Indian humanist, nationalist and revolutionary
Born into a Bengali priestly family, Roy was attracted to the Indian nationalist cause as a boy (India was then a British colony). He travelled widely, seeking arms and help for the liberation of India, encountering Marxism in Mexico where he helped to found the Mexican Communist Party. Often a fugitive, M N Roy was one of the many pseudonyms he adopted to avoid arrest. As an exile, he helped to found the Indian Communist party, but fell out with Stalin, the Russian Communist dictator.
On his return to India in 1930, he was imprisoned for six years by the British, time which he used for reflection and writing. He turned away from the economic determinism of Marxism, and sought instead a philosophical and cultural revolution, a “twentieth century Renaissance”. He supported Britain in the 1939-45 war, seeing Fascism as a worse threat to freedom and democracy than British colonialism. Although initially a supporter of the Indian National Congress, he left it over its attitude to the war. He rejected political parties and proposed a network of people’s committees as the way to democracy, publishing his radical ideas in a manifesto on the “New Humanism”, which proposed a scientific, materialist, humanist philosophy. He traced morality to its biological roots and suggested that human progress depended on progress towards liberty and truth. In 1948 he launched the Radical Humanist Movement in India, which in 1952 joined with other humanist groups in Europe and America to found the International Humanist and Ethical Union. Roy was one of the first Vice-presidents. The humanist centre in Bombay is called the M N Roy Memorial Human Development Campus.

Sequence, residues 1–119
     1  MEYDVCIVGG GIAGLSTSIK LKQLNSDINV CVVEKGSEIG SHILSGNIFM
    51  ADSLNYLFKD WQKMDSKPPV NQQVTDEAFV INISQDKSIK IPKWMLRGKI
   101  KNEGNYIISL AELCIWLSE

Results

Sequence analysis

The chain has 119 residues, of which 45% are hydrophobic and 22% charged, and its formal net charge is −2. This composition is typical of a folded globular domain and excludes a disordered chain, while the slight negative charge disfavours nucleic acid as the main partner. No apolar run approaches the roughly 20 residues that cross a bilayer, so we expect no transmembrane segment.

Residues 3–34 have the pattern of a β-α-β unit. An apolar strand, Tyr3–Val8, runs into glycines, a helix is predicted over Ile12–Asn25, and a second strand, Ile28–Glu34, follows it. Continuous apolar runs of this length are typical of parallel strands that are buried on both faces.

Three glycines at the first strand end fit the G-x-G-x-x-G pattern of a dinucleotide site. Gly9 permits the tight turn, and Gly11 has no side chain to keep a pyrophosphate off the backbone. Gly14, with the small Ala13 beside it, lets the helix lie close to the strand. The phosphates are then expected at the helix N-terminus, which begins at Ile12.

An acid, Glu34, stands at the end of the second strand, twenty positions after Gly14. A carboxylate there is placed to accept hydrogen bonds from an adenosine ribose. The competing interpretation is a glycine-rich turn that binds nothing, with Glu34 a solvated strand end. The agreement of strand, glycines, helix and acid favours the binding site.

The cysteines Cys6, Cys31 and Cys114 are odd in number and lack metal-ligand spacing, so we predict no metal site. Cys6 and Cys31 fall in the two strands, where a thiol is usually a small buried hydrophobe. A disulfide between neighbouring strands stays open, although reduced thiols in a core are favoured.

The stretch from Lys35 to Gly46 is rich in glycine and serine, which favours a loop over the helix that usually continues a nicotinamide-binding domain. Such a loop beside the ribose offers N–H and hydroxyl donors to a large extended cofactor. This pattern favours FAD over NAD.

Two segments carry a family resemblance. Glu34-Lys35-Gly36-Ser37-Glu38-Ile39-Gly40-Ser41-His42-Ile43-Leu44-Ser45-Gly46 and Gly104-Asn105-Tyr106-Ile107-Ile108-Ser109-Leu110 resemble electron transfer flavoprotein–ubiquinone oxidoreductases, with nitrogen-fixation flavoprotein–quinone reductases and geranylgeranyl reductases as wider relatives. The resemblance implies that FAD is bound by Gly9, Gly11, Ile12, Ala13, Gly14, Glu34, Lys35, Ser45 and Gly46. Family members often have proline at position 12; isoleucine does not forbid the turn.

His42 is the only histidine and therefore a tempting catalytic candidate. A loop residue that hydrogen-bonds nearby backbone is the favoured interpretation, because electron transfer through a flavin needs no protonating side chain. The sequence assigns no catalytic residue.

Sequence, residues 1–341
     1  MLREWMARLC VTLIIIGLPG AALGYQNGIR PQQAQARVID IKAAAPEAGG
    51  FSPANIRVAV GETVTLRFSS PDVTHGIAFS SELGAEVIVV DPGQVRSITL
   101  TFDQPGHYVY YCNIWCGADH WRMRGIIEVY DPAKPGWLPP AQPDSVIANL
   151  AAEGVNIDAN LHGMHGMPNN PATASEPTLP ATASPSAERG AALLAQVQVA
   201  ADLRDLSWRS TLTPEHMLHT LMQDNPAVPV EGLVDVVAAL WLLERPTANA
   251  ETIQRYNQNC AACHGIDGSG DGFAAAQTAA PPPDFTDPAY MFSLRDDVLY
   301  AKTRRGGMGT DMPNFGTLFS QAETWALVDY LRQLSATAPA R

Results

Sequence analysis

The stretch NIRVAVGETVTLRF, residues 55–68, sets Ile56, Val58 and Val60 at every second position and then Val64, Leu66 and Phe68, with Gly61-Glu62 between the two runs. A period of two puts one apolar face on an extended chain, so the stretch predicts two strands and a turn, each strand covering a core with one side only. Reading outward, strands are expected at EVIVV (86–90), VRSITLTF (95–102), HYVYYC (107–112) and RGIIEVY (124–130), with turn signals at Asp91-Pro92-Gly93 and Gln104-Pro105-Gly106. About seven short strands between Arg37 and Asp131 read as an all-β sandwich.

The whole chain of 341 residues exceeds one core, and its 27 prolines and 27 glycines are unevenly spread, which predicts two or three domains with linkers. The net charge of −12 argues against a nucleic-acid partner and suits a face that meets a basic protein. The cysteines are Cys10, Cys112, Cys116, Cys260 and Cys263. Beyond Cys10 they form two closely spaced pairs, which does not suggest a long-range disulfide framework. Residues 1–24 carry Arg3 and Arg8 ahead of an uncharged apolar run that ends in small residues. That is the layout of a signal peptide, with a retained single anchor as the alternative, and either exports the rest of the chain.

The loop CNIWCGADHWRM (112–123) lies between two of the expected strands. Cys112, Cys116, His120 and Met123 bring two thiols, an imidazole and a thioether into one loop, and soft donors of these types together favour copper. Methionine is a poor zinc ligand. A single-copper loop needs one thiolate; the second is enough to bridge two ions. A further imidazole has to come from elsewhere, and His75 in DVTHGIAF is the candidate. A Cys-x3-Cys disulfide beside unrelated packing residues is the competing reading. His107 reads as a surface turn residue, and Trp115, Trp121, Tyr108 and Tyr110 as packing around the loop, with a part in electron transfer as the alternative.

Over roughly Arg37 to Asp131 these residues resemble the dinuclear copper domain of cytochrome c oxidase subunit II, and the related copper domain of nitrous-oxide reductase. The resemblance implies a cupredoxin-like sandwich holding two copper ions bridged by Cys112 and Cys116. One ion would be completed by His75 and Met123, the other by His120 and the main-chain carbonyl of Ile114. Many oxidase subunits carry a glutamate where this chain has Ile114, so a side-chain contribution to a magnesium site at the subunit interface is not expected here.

Roy’s life and political activism were based on his humanist values. His life-long passion, and a constant element in his long and varied career, was the desire for liberty.